d.garcia on Sat, 20 Sep 2014 18:29:38 +0200 (CEST)

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<nettime> renewal of democratic politics

After the carnival like excitement around the Scottish referendum the
clich? that is echoing around mainstream media discourse is that that
politics in the UK can now never be the same again. That new levels
of voter and popular participation in a political process has surpassed
anything we have seen in recent history.

Some of this is true and the achievement must be attributed almost
entirely to the Yes campaign. It was a genuinely grassroots popular
movement that refused to be cowed by the exclusively financialist
neo-liberal arguments of the No campaign whose approach was one of quite
astonishing lack of vision, energy and imagination.  The final result
cannot detract (indeed should be separated) from the new levels of
participation that emerged. 

But we are left with the question of whether anything can be done to
keep this participatory spirit alive? Can we go beyond the Yes/No
binary. And say thank you Scotland for reminding us what politics should
be. Now please help us in build something new together. Lets not kid
ourselves. Our Scottish brethren will only accept that proposition if it
comes from the grass roots rather than the political establishment.
Sadly the only truly energised grass roots political movement south of
the boarder is UKIP- this is not the generous civic nationalism but mean
spirited little Englanderism.

Now the colorful inclusive platform of a referendum has been wheeled
away and the political class begins its wrangling, will the popular
energy also evaporate? I fear that it will - In part because of a factor
that we are yet to find a way to manage and that is the fact that in
general -we campaign in inspiring poetry but we govern in boring prose- 

Are political publics in the end only evanescent entities conjured into
existence by particular issues that generate strong desires or fears,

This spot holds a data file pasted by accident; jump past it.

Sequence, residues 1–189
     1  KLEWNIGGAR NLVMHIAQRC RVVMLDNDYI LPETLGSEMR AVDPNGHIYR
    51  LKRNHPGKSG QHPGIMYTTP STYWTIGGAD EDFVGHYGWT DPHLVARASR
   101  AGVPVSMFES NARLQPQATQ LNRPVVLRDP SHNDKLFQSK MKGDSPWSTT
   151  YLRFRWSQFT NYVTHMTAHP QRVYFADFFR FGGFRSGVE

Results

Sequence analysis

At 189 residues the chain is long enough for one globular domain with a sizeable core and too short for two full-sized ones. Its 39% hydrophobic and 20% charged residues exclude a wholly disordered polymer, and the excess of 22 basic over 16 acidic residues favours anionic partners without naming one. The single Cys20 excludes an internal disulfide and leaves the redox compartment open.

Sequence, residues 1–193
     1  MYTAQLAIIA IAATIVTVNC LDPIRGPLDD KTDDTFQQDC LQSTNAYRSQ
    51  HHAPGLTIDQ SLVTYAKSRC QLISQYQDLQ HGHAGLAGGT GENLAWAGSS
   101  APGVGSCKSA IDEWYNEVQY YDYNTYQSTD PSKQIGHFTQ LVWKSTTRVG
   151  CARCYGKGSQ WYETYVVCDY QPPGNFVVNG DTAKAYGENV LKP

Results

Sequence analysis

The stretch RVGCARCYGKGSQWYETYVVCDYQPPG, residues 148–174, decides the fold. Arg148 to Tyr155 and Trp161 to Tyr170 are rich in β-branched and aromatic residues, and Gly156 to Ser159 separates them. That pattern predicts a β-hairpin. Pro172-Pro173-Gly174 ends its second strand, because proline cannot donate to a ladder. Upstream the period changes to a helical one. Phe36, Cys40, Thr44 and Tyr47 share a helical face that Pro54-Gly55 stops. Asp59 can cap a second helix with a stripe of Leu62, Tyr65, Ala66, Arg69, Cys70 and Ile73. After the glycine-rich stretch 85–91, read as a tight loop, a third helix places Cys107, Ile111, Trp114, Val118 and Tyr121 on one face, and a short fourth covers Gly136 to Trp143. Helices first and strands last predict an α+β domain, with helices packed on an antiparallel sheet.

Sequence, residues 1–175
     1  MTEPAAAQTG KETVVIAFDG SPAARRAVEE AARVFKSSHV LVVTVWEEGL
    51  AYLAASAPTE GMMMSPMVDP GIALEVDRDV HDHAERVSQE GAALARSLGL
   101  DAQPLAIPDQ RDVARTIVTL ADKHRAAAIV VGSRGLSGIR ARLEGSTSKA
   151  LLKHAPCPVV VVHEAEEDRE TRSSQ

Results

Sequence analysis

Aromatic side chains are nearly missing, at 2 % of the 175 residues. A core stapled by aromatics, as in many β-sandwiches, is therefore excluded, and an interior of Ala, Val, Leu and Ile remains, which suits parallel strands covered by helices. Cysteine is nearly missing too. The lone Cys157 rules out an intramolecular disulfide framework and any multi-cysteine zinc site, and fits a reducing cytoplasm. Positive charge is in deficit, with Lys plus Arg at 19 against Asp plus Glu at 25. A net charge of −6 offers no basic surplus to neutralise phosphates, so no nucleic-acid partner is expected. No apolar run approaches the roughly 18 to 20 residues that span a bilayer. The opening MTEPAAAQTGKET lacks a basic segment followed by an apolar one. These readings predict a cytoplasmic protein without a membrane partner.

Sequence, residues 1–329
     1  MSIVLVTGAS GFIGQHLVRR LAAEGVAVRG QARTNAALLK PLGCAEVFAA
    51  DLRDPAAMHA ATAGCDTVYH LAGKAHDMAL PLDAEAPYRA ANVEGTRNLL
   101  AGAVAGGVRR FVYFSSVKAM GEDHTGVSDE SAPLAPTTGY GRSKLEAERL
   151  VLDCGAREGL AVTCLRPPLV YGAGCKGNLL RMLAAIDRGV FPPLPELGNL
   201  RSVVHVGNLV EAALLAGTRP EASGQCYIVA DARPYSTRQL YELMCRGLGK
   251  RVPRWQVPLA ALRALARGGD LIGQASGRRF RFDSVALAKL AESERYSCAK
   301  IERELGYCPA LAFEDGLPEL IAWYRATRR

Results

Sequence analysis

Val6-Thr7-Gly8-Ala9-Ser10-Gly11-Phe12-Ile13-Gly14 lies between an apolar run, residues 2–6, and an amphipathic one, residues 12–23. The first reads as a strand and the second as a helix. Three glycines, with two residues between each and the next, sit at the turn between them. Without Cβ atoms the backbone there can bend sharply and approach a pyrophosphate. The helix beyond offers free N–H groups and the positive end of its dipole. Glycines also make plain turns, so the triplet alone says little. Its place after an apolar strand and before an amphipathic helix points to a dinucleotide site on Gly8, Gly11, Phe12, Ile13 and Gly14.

only to dissolve as quickly as they arise? What happened to the grass
roots movements that brought Obama to power..  so visible in the
campaign so absent in the processes of governance ?

Without wishing to fetishise technology, in both the Scottish referendum
and Obama's election, social media played an important role in
mobilising new levels of participation.  Are there lessons to be learned
from frequently denigrated clicktivist platforms such as MoveOn and
Avaz? They have not yet succeeded except in isolated instances but there
attempts to generate new publics through building committment slowly
through incrementalising small levels of participation into something
larger shouldn't be entirely dismissed. 

The concessions forced upon Westminster (when it finally woke up) mean
that in the coming months and years this dis-united kingdom will be
struggling to re-imagine its version of the nation state. Lets hope
that's Scotland's example of a "civic nationalism" (any Scottish
resident had a vote) based on common goods will percolate into the
debates to come. It certainly wont happen of its own accord or through
the usual party political mechanisms.  It will only happen if those who
share the aspirations of Scotland's YESers can ignite a similar level of
imagination and aspiration South of the boarder. Its not easy to see how
but as the arguments begin making common cause with Scotland's
progressive Yes campaigners might be a place to start.

Any ideas....       


d a v i d  g a r c i a

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